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Eligibility for State Pension

Oral Answers to Questions — Work and Pensions – in the House of Commons at 2:30 pm on 1st July 2013.

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Photo of Graham Jones Graham Jones Opposition Assistant Whip (Commons) 2:30 pm, 1st July 2013

What assessment he has made of eligibility for the state pension following the rise in contributions to 35 years from 2016.

Photo of Steve Webb Steve Webb The Minister of State, Department for Work and Pensions

In the long term around 85% of people will get the full single-tier pension under the Government’s proposals.

Photo of Graham Jones Graham Jones Opposition Assistant Whip (Commons)

Does the Minister accept that as a result of the changes fewer people overall will qualify for the state pension by 2020? Does he agree that that is particularly unfair to people who, being so close to retirement, will not have time to make up the years?

Photo of Steve Webb Steve Webb The Minister of State, Department for Work and Pensions

We have put in place special provision for the very people to whom the hon. Gentleman refers. When we value their pension rights at 2016, we will do so under the current rules, where 30 years are needed to qualify, and the new rules, where 35 years are needed, and we will use whichever of the two provides the highest number. The 2016 calculation will take whichever set of rules treats people most favourably and they will build upon that.

Photo of Julian Brazier Julian Brazier Conservative, Canterbury

Does my hon. Friend accept that the proposed arrangements will greatly reduce means-testing in the long run and so restore incentives for people to save?

Photo of Steve Webb Steve Webb The Minister of State, Department for Work and Pensions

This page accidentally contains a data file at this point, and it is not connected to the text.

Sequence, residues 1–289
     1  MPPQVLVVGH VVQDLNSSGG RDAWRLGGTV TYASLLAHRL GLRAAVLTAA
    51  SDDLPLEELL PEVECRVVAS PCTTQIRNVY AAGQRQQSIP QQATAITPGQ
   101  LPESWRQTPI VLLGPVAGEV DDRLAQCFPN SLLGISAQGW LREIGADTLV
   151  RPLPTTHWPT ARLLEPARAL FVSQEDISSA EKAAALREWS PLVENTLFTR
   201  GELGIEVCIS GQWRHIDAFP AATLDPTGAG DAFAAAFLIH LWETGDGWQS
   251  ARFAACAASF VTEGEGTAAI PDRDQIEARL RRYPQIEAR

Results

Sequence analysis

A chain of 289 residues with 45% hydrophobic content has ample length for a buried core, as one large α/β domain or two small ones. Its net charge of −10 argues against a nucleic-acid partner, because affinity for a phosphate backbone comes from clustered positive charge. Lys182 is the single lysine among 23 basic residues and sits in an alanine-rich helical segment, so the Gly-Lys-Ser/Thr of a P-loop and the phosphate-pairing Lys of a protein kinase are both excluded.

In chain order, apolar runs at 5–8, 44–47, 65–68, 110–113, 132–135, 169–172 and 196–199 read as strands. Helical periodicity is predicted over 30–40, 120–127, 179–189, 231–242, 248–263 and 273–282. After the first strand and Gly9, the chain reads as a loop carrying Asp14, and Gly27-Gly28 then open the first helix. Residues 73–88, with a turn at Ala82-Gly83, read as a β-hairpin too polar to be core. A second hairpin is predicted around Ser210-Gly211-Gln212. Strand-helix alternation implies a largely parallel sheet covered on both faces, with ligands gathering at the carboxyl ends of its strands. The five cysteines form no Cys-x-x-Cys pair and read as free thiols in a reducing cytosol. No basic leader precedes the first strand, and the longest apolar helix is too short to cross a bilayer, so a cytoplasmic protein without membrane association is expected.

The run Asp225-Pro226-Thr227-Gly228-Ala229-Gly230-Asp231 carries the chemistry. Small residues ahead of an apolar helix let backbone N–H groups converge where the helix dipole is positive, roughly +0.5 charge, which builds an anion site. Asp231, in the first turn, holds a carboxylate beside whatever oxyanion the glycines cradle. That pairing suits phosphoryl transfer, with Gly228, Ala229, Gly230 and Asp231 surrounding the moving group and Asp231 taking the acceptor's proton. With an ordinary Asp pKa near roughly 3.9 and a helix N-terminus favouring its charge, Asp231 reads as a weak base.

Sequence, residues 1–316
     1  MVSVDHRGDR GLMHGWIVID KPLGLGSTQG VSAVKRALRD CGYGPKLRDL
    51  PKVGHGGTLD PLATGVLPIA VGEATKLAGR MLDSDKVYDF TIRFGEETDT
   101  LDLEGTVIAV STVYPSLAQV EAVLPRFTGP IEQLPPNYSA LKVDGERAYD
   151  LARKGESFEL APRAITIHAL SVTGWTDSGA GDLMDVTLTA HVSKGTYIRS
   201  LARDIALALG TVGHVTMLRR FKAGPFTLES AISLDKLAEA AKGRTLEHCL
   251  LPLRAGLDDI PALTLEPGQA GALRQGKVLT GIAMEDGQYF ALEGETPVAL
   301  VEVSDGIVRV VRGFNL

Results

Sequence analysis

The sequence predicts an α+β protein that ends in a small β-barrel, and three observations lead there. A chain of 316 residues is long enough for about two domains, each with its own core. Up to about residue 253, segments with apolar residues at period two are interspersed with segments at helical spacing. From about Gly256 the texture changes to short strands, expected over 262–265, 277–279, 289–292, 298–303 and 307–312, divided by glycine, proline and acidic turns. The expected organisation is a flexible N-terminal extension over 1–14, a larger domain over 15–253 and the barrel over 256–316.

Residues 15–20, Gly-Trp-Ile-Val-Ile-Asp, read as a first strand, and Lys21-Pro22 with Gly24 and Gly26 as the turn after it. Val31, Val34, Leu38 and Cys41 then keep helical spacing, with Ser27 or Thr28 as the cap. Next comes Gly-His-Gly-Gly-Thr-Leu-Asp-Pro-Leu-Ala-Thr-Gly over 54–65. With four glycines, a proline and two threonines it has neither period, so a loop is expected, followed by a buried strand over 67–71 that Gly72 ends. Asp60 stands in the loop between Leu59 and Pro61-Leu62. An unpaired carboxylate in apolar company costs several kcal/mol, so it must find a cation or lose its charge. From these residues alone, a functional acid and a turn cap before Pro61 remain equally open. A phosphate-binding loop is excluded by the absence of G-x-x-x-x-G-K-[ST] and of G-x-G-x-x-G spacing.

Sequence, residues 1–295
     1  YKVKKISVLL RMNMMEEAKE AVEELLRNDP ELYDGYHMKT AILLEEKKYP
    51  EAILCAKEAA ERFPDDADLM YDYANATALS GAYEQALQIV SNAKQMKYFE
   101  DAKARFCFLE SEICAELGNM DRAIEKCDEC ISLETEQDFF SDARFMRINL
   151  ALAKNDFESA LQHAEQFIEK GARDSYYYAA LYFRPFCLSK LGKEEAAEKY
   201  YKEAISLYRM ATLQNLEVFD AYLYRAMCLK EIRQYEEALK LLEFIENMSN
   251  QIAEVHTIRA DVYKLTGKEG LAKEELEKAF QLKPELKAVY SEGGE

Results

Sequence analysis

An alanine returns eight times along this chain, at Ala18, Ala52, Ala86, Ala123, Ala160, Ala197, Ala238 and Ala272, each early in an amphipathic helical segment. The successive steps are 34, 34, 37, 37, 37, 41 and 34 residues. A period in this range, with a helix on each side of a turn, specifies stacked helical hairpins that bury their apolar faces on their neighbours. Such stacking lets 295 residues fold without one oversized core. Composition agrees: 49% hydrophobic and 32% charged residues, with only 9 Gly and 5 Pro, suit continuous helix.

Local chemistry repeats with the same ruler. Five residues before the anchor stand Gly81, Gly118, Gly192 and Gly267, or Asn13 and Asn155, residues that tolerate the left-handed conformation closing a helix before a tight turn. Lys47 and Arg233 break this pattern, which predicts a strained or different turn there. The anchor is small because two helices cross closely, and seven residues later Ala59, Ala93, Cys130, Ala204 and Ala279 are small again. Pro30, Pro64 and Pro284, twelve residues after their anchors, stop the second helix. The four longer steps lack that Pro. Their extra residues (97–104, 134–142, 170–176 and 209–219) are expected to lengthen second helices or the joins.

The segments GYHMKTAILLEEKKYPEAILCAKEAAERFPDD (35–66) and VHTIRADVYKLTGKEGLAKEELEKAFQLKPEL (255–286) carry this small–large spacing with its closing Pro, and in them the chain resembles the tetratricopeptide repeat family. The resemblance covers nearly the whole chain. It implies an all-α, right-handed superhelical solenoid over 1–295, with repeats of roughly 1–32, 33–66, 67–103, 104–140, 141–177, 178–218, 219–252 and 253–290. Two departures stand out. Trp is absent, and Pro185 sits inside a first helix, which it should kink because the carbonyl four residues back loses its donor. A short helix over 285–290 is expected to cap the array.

My hon. Friend is right. The danger with the current system is that people who save find that the Government come along and say, “You’ve saved some money—we’ll take some money off you.” Our intention is to encourage, not penalise, saving. Paying a single, simple, decent pension just above the level of the basic means test will greatly enhance those incentives.

Photo of Gregg McClymont Gregg McClymont Shadow Minister (Work and Pensions)

The Government’s case for the new state pension is that it will increase the incentive to save in private pensions, but does the Minister agree with his hon. Friend the Member for Warrington South

(David Mowat), a Treasury Parliamentary Private Secretary? He told the House during Second Reading of the Pensions Bill:

“One reason that people are not saving is that there is massive distrust of the industry. I have many colleagues in the private sector who would almost cut their arms off than invest in the pensions market.—[Hansard, 17 June 2013; Vol. 564, c. 712.]

What will the Minister to do to encourage people to make those savings in private pensions?

Photo of Steve Webb Steve Webb The Minister of State, Department for Work and Pensions

I agree with the hon. Gentleman to the extent that there is mistrust of private pensions, which is why we have taken strong action,: for example, we have banned consultancy charges, which were a source of concern. On savings incentives, if he looks at our analysis, he will find that low earners in particular will have much smaller withdrawal rates when they save. Therefore, the return on savings, particularly for low earners, about whom I am sure he is most concerned, will be enhanced by the proposals.

Photo of Charlie Elphicke Charlie Elphicke Conservative, Dover

Does the Minister anticipate making pensions the subject of a cap at any stage?

R

It would be good to see a cap on the earnings and...

Submitted by Rob Kay Continue reading

Photo of Steve Webb Steve Webb The Minister of State, Department for Work and Pensions

I think my hon. Friend might be referring to the idea of a total welfare cap, and while the Chancellor of the Exchequer has explicitly ruled out the idea of capping state pensions, I understand there are others in this House who are prepared to cap state pensions.

J

To even think about capping state pensions would be political suicide for any party. We have paid for our pensions all our lives and already the UK state pension is...

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